Tobie Blanchard, Lofton, Josh
News Release Distributed 11/13/13
BATON ROUGE, La. – Farmers have planted most of Louisiana’s wheat crop. With ideal weather recently, they’ve been able to plant quickly.
“We’ve had good conditions,” said LSU AgCenter wheat specialist Josh Lofton. “The rain has played with us nicely. We’ve had some showers that helped with germination, but not enough to kick us out of the field for long periods of time.”
Lofton said planting is around 80 percent complete. He estimates Louisiana will have about 250,000 acres of wheat – about the same planted last year. Wheat prices are down slightly, and acreage could have been lower, but Lofton said because of the good weather, farmers kept planting more acres than expected.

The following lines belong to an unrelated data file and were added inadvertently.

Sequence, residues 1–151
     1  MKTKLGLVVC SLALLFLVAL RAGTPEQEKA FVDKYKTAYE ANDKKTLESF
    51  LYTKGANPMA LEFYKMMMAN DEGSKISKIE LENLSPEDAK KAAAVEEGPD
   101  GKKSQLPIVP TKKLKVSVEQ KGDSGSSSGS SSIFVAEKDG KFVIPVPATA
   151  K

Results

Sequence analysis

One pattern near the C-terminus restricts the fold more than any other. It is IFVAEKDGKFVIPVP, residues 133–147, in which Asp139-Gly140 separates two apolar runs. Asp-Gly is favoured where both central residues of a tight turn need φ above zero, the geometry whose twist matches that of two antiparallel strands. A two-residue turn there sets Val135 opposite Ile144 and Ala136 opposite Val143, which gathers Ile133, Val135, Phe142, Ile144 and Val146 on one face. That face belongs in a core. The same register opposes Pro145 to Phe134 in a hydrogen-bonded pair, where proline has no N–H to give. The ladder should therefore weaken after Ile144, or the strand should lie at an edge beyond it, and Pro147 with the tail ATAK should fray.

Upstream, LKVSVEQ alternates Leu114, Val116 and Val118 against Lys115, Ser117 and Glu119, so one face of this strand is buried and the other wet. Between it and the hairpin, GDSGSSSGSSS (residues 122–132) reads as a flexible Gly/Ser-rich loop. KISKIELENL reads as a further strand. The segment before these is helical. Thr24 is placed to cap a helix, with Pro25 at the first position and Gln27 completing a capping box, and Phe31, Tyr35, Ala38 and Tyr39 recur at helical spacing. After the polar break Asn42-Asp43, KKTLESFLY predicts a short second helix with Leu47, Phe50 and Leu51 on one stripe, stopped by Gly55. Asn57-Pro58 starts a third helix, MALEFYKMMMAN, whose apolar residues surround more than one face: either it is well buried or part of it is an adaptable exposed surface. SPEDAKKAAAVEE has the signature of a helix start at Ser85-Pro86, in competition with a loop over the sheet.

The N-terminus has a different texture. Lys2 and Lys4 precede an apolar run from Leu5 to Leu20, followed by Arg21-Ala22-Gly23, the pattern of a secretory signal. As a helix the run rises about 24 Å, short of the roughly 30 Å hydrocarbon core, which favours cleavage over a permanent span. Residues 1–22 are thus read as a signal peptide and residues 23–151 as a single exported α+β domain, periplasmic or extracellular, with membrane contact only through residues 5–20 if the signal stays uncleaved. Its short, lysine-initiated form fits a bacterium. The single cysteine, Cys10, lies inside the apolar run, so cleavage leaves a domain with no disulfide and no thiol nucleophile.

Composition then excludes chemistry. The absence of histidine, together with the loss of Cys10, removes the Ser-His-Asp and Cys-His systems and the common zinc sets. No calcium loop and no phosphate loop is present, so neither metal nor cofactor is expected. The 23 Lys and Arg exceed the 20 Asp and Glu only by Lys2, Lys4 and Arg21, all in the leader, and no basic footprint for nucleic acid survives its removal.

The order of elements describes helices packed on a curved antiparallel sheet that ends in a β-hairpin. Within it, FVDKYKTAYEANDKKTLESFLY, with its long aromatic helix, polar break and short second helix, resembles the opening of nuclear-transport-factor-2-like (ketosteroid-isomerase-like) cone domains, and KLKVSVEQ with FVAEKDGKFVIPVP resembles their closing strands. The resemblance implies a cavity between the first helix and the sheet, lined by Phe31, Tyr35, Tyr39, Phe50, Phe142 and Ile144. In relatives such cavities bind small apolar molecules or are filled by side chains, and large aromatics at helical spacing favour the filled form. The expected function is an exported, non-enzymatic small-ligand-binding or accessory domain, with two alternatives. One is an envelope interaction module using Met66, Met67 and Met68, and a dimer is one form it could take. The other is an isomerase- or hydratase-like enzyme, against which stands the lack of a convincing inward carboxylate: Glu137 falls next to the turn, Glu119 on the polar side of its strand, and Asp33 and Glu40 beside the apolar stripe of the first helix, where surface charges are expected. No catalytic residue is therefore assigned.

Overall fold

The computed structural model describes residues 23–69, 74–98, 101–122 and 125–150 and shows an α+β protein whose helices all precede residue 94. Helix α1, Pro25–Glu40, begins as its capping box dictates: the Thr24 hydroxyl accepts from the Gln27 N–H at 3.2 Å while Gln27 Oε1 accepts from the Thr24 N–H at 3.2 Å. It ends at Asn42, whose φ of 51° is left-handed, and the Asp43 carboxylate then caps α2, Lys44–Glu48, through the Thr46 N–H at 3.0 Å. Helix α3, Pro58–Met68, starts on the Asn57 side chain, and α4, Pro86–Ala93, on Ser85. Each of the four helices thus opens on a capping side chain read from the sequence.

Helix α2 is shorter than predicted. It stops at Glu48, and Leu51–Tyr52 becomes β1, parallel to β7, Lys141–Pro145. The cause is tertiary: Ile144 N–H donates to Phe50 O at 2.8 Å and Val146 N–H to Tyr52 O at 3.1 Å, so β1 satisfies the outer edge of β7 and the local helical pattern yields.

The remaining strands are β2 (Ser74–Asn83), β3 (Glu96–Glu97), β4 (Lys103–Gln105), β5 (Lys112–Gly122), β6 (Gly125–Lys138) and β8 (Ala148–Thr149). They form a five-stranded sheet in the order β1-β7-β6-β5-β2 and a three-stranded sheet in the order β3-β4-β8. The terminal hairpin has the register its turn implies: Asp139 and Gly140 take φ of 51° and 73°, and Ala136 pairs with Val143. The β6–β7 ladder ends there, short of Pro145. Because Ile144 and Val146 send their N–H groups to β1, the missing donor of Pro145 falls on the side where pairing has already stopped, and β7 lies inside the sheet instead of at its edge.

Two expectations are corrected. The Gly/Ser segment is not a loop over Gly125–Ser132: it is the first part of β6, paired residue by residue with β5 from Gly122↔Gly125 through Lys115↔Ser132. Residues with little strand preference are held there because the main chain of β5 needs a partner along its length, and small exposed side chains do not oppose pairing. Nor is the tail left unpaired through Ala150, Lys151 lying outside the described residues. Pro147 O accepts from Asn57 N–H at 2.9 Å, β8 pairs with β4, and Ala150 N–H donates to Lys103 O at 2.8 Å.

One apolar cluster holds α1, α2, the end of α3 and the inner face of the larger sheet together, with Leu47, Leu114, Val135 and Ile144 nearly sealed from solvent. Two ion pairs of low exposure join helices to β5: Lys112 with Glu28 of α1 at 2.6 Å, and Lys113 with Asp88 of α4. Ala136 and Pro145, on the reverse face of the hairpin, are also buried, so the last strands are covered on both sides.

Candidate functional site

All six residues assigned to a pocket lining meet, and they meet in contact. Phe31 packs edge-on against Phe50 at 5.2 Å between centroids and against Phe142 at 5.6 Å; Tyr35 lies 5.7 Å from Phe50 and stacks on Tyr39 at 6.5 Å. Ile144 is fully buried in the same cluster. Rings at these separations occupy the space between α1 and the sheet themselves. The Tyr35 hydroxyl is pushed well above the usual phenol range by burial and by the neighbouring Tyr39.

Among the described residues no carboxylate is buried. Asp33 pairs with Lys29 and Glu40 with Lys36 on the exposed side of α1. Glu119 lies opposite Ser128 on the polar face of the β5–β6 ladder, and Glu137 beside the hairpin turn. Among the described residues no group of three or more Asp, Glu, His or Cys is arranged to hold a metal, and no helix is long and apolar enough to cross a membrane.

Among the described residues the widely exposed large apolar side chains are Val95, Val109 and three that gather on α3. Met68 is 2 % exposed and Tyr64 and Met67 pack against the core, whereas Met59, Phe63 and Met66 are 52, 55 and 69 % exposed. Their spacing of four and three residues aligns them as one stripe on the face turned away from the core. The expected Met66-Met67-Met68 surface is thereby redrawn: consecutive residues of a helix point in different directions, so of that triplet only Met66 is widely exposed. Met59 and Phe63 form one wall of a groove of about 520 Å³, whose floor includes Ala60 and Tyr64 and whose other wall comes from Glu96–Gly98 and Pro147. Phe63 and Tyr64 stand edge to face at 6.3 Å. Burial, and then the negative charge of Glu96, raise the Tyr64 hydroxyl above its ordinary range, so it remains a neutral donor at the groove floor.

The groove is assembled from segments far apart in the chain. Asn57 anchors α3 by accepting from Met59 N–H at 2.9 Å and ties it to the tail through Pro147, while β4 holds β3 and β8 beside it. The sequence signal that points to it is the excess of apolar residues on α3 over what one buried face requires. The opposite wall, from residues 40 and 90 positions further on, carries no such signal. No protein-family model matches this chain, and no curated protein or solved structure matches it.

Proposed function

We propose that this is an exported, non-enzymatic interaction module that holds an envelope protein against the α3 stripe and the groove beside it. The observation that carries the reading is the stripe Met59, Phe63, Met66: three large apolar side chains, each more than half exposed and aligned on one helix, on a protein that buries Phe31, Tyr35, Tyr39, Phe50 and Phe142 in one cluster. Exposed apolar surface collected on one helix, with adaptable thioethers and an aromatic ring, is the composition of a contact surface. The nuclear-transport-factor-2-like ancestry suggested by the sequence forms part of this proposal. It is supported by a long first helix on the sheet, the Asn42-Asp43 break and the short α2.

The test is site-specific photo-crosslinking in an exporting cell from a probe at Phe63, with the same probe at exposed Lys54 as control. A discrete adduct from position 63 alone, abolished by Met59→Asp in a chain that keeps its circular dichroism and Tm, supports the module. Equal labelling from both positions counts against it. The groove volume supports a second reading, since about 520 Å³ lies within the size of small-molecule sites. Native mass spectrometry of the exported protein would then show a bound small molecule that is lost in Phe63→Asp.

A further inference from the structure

He said the Hessian fly, a destructive pest of wheat, could be a problem for growers who planted early.
“If growers have gone in and kind of jumped the gun a little bit, that’s something they need to start looking out for,” he said.
Rust disease was a problem on the previous wheat crop.
“Those areas that are prone to rust need to start thinking about foliar fungicides to kind of help lock that in check,” Lofton said.
The LSU AgCenter has helped develop varieties less susceptible to rust, but growers can also use chemicals to control the disease.
Lofton stressed the importance of keeping fields weed-free during the growing season. He said warm temperatures or rainfall that would help the wheat grow also would help the weeds.
Some rainfall is good for germination and growth, but a relatively dry winter and spring would be beneficial to the crop.
The LSU AgCenter and the LSU College of Agriculture